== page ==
Solar energy advocates, however, say that the industry has had distributed generation in its cross hairs since its inception. "Utilities have opposed net metering from day one," said Bryan Miller, president of the Alliance for Solar Choice. "What's different now is utilities have woken up and realized solar is a threat to their business model."

He cited a report from the Edison Electric Institute published in January that described distributed solar as a "disruptive challenge" and a "[threat] to the centralized utility business model." Though some utilities have their own incentives in place for residential solar, they are making these offers to comply with state renewable portfolio standards. "They certainly aren't doing it voluntarily," Miller said.

The notion that rooftop solar systems put an undue burden on the grid is spurious, Miller added. "When there are legitimate circuit issues, the solar developers pay for those upgrades," he said. "The idea that the grid cannot handle two-way flow has been proven wrong by every high renewable penetration state."

Solar panels also generate the most power in the afternoon, which is often when electricity demand rises, thereby relieving congestion and strain on the grid, Miller observed. This peak shaving more than offsets any grid interconnection costs, he said.

Dan Sullivan, president and founder of San Diego-based Sullivan Solar Power, concurred. "It's really disingenuous for [utilities] to say [rooftop solar installations] are not paying their fair share," he said. "That energy generates revenue for the utility. Their talking points are weak at best."

California is also facing a net metering fight in the guise of A.B. 327, currently under debate. The bill would change how electricity prices are tiered, moving toward flatter and more equal rates. Solar advocates argue that flat billing removes incentives to improve energy efficiency or to generate energy on-site with solar. A fixed charge would lengthen the payback period for a solar installation.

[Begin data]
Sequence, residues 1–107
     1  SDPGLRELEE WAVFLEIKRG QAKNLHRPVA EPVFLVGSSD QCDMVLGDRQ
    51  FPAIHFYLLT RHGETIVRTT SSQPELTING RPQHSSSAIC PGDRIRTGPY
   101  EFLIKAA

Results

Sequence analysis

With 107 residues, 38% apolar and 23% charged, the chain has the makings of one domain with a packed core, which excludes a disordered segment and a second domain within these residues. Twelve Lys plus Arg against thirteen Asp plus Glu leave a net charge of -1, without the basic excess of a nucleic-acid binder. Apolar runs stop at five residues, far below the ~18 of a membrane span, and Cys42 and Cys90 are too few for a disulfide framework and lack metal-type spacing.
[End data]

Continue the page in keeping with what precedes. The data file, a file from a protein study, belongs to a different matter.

Can Calif. find common ground?

"California is the largest solar market in the country," Sullivan said. "If it's not done properly in California, it will not be done right anywhere."

The fundamental rift is determining whether rooftop solar installations provide more value than they use. Utilities say they don't; solar companies say they do.

"We would agree that you would be able to avoid some losses in transmission and distribution, about 6 percent," said David Rubin, director of service analysis at Pacific Gas and Electric Co., the utility with the most rooftop solar in its network in the nation.

The emerging concern, according to Rubin, is how the utility will prepare for electricity needs in the future. By 2020, solar energy will make up 15 percent of the power supply for PG&E, but the demand profile is likely to shift, as well. An incentive structure that focuses on upfront assistance for solar, like grants and tax breaks, would give the utility more flexibility to meet its obligations than ongoing rate-based incentives like net metering.

Rubin said the utility is nonetheless strongly supportive of renewable energy projects, though he acknowledged that it opposed net metering in the past. On 1995, PG&E sent a letter to California state Sen. Al Alquist (D) describing net metering as a "bold scam by the solar power industry to force our electric customers to subsidize the sale of expensive residential photovoltaic systems."

"That was the only time we opposed it," Rubin said. "Every time the net metering cap was raised [since], we supported it."

Still, utilities and solar developers have yet to find common ground. "It's challenging getting some consensus on what those numbers should be," said Lori Bird, a senior analyst at the National Renewable Energy Laboratory. "I think if there could be a consensus on those issues, it might be feasible to come to an agreement on a rate that makes sense."

The California Public Utilities Commission, the regulatory agency behind the state's electric grid, is aiming to do just that, producing a cost-benefit analysis for rooftop solar in October this year that could finally settle the fight. A draft copy is expected later this month.